Finally, after supper one night while serving at a Bible conference in the San Bernadino Mountains, this young Christian took his Bible in hand, got off alone, and studied what Jesus Himself said about the Bible's own authority and reliability. Then, he wandered up the mountain, placed his Bible on a moonlit tree stump, knelt down and prayed, "Oh, God; I cannot prove certain things, I cannot answer some of the questions Chuck is raising and some of the other people are raising, but I accept this Book by faith as the Word of God."

The first man who had decided that the Bible could not be completely trusted considered the other's decision to be a tragic act of intellectual suicide. And if I say this first man's name, Chuck Templeton, few of you would even know who he is. But you would most certainly know the other man who resolved to trust in the Bible completely. His is perhaps one of the best known names in the world -- Billy Graham.1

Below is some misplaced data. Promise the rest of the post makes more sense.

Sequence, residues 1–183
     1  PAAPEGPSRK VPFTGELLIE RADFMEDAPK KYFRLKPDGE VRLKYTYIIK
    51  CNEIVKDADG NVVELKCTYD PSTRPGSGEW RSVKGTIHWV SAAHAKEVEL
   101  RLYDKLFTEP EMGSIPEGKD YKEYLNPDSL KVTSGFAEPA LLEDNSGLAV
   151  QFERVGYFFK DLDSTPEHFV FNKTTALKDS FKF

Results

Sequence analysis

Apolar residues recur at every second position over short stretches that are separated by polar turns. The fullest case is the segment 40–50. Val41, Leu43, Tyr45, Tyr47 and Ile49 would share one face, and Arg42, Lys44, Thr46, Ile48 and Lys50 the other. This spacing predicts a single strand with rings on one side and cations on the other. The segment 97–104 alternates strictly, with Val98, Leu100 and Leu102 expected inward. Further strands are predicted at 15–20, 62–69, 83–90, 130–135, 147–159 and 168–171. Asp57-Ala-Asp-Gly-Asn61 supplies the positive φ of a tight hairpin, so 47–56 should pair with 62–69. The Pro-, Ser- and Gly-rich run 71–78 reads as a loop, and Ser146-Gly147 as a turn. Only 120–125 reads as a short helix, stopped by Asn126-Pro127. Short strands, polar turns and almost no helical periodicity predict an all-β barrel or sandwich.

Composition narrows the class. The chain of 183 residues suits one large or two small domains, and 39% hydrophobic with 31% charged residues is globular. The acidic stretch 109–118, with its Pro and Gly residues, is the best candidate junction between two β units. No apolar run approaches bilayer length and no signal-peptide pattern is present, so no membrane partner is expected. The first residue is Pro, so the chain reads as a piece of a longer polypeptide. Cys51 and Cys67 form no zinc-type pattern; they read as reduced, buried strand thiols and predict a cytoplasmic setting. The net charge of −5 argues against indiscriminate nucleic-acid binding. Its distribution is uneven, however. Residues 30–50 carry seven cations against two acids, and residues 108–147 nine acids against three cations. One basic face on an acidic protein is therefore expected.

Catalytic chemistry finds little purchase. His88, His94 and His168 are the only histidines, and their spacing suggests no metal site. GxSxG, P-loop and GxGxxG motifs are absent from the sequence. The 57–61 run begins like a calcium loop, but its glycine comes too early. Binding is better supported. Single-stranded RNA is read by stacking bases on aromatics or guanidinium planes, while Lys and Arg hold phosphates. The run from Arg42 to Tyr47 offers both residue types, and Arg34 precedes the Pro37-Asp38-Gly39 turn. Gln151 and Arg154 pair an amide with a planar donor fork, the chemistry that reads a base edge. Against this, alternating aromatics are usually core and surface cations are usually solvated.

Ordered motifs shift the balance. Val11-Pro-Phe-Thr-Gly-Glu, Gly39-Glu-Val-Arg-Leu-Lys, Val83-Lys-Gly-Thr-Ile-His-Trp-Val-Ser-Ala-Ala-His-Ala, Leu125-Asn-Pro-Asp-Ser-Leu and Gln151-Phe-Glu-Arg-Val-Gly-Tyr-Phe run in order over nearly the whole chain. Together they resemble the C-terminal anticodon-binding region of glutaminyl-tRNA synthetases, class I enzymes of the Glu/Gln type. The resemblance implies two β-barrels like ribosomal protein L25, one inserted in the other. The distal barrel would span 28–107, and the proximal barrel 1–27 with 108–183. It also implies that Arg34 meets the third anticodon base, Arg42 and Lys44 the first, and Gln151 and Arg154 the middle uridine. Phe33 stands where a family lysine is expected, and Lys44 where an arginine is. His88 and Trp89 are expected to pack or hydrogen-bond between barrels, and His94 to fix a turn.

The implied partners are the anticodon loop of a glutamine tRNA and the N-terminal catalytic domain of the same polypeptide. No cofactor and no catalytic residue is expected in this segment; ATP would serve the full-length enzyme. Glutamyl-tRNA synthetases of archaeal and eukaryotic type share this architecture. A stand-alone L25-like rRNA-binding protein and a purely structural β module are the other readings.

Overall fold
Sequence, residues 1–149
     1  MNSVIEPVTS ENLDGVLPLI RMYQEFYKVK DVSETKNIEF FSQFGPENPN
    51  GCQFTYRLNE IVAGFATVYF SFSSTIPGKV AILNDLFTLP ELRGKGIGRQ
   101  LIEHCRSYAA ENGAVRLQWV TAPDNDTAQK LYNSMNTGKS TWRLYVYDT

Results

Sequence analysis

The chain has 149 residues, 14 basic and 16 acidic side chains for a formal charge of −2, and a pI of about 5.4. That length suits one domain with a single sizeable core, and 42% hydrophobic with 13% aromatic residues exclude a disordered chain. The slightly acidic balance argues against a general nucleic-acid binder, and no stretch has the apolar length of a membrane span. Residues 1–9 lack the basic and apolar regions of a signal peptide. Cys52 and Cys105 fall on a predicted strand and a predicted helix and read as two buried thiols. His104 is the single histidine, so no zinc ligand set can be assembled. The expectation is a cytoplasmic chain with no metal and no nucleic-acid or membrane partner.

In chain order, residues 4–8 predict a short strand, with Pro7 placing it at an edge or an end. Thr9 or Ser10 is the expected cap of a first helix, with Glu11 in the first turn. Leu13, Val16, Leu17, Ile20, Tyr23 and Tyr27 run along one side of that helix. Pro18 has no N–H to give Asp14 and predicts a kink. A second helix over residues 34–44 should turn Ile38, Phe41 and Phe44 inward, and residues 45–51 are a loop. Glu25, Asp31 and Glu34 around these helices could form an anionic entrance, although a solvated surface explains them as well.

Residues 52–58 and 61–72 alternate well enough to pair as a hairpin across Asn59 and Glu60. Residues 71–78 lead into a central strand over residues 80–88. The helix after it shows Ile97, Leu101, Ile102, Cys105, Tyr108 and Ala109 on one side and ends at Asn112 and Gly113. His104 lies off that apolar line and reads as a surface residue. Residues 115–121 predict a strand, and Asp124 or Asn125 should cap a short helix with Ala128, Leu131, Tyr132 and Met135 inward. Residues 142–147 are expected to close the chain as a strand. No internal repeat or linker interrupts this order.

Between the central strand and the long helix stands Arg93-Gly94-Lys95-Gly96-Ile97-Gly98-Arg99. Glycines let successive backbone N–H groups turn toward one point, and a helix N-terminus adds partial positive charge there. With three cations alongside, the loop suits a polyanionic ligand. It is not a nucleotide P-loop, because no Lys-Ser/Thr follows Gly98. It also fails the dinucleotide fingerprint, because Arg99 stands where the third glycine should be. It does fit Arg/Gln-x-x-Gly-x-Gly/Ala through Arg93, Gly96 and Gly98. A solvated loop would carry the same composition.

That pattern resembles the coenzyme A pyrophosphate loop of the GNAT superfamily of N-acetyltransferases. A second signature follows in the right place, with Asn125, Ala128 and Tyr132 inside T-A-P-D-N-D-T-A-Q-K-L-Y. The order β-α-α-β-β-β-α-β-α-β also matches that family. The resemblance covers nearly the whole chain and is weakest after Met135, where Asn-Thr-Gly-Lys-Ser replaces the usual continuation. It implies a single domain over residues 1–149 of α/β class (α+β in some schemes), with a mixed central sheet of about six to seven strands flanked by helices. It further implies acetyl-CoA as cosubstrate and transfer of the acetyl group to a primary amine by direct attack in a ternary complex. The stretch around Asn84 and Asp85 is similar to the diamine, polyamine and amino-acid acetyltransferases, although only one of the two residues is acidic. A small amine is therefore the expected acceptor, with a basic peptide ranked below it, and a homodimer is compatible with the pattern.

I saw an interview with Chuck Templeton not long ago; and amazingly - even though God has used Dr. Graham to reach more people for Christ in his lifetime than any other human being in history - Dr. Templeton still believes that his decision to trust the Bible, and to throw all his energies with confidence into the Gospel message it proclaimed, was a mistake.

* * * * * * * * * *

Why is it so important that we be able to trust the Bible? I think Jesus Himself gave us the answer when He once told the Jews who were opposing Him, "You search the Scriptures because you think that in them you have eternal life; and it is these that bear witness of Me ..." (John 5:39). Salvation from sin, and God's free gift of eternal life is found only in placing our faith in Who Jesus is and what He has done for us; and the only way we know about Who Jesus is and what He has done is through what God has revealed in the Bible. If the Bible isn't trustworthy; than neither is the Gospel it calls us to believe. If what the Bible asserts about history, creation, psychology and sociology are erroneous, than we can hardly trust our eternal destinies to what it asserts about matters of faith either. If parts of the Bible are unreliable, then our confidence in anything it says is compromised.